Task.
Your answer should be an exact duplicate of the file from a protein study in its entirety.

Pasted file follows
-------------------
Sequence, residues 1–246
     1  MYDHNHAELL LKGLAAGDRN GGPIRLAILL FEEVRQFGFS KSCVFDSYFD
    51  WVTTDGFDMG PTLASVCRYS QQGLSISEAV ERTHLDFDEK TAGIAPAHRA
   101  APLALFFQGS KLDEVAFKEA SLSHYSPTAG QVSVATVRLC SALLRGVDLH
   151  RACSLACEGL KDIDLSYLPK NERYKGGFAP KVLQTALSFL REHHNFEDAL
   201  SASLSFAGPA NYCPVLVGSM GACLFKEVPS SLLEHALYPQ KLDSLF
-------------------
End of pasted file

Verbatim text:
Sequence, residues 1–246
     1  MYDHNHAELL LKGLAAGDRN GGPIRLAILL FEEVRQFGFS KSCVFDSYFD
    51  WVTTDGFDMG PTLASVCRYS QQGLSISEAV ERTHLDFDEK TAGIAPAHRA
   101  APLALFFQGS KLDEVAFKEA SLSHYSPTAG QVSVATVRLC SALLRGVDLH
   151  RACSLACEGL KDIDLSYLPK NERYKGGFAP KVLQTALSFL REHHNFEDAL
   201  SASLSFAGPA NYCPVLVGSM GACLFKEVPS SLLEHALYPQ KLDSLF